As for the environmental conditions where chemotaxis is selected, bacterial motility peaks at specific spacetime phases of biofilm development (24) and colony growth, namely, at the entry into the stationary phase (25 ⇓–27). Nutrients (and cues to locate them) are then running short and the surrounding colony is dense; e.g., the interbacterial distance in figure 1 of ref. 27 is comparable to the bacterial running length. Conditions are harsh and chemoattractant profiles are far from static, with bacteria in the colony vying for scarce nutrients (and orienting cues) that are available. It is expected that surrounding bacteria will strongly affect the environmental conditions, i.e., the chemoattractant profiles. For E. coli in the wild, outside the human gut, it is likely that nutrients and chemical cues will be scarce and come in intermittent patches subject to strong spacetime fluctuations. In short, it is unlikely that conditions of strong selection for chemotaxis be characterized by regular profiles of chemoattractants.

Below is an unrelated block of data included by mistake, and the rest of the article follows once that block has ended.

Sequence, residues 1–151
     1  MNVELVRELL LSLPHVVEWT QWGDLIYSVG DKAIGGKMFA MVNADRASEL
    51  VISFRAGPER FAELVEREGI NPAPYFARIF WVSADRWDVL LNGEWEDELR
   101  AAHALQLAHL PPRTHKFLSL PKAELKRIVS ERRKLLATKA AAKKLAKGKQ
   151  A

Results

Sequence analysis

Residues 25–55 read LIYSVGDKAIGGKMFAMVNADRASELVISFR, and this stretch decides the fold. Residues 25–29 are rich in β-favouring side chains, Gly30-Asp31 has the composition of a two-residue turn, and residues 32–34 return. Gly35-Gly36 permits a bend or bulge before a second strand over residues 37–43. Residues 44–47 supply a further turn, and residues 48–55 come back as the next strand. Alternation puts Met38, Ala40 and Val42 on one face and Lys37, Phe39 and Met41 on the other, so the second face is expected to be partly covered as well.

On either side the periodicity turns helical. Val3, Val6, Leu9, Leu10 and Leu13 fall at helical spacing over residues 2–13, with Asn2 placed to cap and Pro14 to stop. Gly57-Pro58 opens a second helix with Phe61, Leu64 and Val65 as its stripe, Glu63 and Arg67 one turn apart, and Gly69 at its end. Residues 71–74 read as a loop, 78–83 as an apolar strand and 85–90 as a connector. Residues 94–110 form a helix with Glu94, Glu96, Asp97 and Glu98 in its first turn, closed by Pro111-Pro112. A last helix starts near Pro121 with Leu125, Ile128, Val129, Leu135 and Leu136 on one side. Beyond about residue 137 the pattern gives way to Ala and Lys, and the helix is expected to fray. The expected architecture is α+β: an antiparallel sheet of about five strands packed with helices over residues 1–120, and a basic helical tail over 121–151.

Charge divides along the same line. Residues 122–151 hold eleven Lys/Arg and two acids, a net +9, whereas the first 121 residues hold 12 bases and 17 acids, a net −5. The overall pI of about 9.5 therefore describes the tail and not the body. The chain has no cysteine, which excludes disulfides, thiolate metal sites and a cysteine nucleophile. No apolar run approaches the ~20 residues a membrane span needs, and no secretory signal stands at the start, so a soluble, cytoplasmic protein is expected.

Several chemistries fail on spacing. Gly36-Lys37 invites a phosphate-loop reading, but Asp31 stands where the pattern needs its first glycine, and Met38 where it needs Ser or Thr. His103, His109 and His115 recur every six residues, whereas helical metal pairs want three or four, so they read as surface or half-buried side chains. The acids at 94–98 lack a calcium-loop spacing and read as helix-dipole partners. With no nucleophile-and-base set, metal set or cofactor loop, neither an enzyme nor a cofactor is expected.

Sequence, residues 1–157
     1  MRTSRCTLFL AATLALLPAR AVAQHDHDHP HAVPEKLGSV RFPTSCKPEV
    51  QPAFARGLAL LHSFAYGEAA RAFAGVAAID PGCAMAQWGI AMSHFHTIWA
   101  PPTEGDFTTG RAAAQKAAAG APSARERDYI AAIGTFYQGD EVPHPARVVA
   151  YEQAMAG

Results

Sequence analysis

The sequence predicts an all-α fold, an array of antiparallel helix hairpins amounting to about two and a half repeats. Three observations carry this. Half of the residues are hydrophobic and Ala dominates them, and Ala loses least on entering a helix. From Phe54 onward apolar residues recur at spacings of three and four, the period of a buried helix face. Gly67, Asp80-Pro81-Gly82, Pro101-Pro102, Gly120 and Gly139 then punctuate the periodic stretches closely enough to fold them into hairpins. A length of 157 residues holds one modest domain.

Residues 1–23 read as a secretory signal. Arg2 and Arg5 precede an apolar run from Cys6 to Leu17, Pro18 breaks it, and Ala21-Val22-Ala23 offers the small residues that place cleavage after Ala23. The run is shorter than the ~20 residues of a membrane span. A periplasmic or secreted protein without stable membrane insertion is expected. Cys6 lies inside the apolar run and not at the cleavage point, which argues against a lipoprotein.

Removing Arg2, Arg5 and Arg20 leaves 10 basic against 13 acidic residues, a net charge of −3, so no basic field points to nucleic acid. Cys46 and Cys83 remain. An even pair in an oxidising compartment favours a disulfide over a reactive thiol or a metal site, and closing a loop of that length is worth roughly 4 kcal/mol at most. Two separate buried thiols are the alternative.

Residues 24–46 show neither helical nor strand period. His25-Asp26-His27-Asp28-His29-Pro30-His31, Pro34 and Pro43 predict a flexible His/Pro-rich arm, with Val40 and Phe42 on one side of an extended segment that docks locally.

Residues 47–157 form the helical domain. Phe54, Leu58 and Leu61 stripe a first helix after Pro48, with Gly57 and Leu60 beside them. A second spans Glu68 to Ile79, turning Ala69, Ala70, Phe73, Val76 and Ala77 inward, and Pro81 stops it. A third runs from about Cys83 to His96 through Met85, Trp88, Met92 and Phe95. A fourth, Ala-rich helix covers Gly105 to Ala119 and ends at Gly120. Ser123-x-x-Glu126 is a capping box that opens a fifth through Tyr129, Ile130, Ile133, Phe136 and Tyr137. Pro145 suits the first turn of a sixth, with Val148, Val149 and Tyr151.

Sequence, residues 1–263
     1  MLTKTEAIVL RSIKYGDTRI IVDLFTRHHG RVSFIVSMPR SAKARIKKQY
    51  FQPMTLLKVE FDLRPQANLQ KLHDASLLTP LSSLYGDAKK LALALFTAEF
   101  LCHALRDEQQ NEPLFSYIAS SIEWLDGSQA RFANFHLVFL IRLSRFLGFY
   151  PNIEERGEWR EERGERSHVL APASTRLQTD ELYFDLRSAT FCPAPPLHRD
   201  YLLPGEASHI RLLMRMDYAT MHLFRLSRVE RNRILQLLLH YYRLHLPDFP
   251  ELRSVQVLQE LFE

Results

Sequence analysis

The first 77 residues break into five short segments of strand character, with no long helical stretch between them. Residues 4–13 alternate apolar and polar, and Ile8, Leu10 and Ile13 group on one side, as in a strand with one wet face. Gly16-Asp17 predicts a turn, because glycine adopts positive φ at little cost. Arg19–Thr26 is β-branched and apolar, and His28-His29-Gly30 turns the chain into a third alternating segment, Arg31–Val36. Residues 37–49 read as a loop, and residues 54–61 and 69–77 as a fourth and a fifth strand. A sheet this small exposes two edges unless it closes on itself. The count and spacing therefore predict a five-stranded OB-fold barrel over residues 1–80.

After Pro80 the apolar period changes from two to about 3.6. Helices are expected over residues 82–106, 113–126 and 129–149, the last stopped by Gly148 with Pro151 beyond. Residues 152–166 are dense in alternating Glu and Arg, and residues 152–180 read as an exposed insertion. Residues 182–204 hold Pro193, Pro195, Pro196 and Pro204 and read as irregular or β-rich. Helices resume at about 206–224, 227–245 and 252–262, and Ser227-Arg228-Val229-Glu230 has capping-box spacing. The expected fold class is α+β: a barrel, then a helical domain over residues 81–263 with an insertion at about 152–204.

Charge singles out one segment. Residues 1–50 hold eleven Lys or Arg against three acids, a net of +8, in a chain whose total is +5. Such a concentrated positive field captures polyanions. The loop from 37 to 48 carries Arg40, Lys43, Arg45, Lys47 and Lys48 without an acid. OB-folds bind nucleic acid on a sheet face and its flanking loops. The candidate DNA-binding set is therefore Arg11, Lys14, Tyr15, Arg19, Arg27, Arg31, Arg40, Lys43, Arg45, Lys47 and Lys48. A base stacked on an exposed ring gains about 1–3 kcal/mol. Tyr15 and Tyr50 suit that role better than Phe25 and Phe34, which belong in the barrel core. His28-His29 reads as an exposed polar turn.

The standard explanation for the zero integral of the response function in Fig. 1 is that filtering out the lowfrequency (namely, the constant) part of c permits an efficient sensing of its gradients, irrespective of the background level. This feature is positive, yet advantages and disadvantages should be gauged considering both the sensing and the motility aspects of chemotaxis: “Green pastures” (5) should be sensed, but, most importantly for the bacterium, their location should also be reached rapidly and effectively. Because E. coli must run to measure variations in the concentrations (28), sensing and motility are entangled, as illustrated quantitatively by the relation [1]. Compatibility/conflicts between the requirements of the two functions should then be analyzed jointly. In fact, as first remarked by de Gennes (21), the current of bacteria in the direction of a gradient of chemoattractant is maximized by a positive, singlelobe response K(t): A negative lobe reduces the bacterial drift upgradient. In other words, the sensing of gradients of chemoattractant and their climbing impose conflicting requirements upon the bacterial chemotactic response. A concrete example of a singlelobe response is provided by thermotaxis at 40°: High temperature is a strong repellent and the E. coli response is entirely negative so as to descend the gradients of temperature as fast as possible (29). Additional conflicting requirements were remarked in ref. 22: At the stationary state, ∫K(t) = 0 is far from optimal for the localization of bacteria at high concentrations of chemoattractant, which is optimized by a singlelobe response K(t).